For example, it may slip their minds to inform you that punishingly long hours are expected of you, there’s a glaring lack of internal advancement, high employee turnover rate and you’ll be stuck with the same salary for years. They may also neglect to tell you that the company has plans to relocate the role to another city across the country. The title offered, which sounded important, isn’t valued at all and your office is merely a cubicle outside of the bathroom.

Human Resources
Have you ever wondered why you don’t get feedback on interviews and are ghosted? It’s not easy to tell a job seeker the truth in this current environment. The job seeker, after hearing a detailed rationale as to why they weren’t selected, may interpret this as some sort of discrimination. The applicant may then complain to the person’s boss, file a grievance with a regulatory agency and possibly sue the company.

There is such a large volume of job seekers, especially in this environment, so it’s nearly impossible to get in touch with everyone. But saying this to a person doesn’t feel right. It’s also really hard to tell someone, “Sorry, we’re going with another person.” It is much easier to simply ghost the candidate and hope they get the message. Similarly, it’s not comfortable to say to a job seeker who interviewed with 10 people over the course of six months that they have already decided on an internal employee for promotion into the job and only met with you and others to serve as comparisons.

The Hiring Manager
If the boss likes the candidate, everything about the job is awesome. They’ll turn on the charm and sell the job seeker on all of the wonderful things that they can accomplish at the company. What’s left out are the long hours, low pay, no promotions and how the supervisor hogs all of the credit and accolades. While the manager pretends to be a great guy, it’s only three weeks into the job and you learn that he’s actually a sociopath and takes delight in making your life miserable.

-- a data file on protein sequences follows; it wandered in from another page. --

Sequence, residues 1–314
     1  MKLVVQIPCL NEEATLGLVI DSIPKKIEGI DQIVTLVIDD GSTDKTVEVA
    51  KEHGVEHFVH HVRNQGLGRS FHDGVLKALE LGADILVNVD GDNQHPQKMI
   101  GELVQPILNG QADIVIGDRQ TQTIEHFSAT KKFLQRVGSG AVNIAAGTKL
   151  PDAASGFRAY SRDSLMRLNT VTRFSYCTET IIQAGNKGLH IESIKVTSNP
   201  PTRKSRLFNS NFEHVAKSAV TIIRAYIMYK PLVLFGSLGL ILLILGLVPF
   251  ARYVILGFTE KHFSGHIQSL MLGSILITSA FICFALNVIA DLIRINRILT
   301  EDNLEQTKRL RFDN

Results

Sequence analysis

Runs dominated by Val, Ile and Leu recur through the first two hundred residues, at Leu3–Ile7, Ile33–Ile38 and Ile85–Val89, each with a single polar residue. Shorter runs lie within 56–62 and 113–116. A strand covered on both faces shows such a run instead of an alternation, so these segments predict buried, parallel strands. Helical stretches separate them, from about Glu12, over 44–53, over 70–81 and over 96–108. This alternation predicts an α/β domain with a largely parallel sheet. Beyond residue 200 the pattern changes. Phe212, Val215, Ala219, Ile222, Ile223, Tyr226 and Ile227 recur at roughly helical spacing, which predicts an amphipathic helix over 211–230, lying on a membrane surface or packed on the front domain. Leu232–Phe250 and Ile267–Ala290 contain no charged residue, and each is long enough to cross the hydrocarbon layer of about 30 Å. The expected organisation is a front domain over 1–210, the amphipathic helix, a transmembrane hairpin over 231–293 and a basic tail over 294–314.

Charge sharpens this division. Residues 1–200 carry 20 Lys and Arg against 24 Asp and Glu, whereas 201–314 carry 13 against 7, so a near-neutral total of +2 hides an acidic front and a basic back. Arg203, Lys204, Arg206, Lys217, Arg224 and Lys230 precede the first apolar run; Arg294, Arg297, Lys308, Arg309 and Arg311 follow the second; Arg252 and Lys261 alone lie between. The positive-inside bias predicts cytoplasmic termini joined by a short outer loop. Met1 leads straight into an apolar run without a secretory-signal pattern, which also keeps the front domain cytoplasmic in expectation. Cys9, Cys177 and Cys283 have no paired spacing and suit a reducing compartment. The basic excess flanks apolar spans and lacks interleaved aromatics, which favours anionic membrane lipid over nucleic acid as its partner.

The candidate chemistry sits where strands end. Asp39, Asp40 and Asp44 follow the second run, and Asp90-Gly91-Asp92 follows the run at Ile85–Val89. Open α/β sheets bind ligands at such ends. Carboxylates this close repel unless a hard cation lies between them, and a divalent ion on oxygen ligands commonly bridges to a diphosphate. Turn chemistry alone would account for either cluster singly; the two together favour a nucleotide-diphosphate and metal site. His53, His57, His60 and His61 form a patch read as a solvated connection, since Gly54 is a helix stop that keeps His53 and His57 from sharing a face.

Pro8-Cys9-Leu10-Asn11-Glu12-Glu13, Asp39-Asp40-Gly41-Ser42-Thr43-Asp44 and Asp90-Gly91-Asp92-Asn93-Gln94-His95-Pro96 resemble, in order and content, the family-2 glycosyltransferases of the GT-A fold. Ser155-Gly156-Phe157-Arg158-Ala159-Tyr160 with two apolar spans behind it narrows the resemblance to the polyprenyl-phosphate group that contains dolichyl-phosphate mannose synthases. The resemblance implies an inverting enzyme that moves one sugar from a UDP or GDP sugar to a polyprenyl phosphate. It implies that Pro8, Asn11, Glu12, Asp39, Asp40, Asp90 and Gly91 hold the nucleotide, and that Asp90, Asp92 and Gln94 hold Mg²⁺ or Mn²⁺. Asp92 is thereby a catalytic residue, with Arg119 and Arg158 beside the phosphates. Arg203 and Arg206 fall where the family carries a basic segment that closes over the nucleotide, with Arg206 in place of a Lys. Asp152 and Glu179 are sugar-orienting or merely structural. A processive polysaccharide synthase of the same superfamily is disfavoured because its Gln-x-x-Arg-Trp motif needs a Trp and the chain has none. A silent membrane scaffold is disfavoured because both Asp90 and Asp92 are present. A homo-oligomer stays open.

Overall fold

I’ve seen this and much worse happen over the last two decades. This in no way insinuates that everyone acts this way. You should bear in mind that there will be people that won’t be completely honest and transparent with you. Sadly, everyone in the hiring process has to have a healthy amount of skepticism.

The antidote to little white lies and big whoppers is to conduct a lot of due diligence on the company and the people with whom you’ll interview and later work with. As you interview, you should ask hard-hitting questions to ascertain the real deal and truth.

Ask your friends, co-workers and people in your network if they possess any insider intelligence on the company and its employees—particularly the hiring manager. Read up about the company. Conduct in-depth internet searches to discover any and all relevant information that could impact your decision to accept the job offer.

This doesn’t mean that you’ll always avoid falling for something that’s not what you expected. By asking tough questions, doing extensive research and seeking advice from others, the odds will be greater that you won’t accept a position or hire someone based on falsehoods.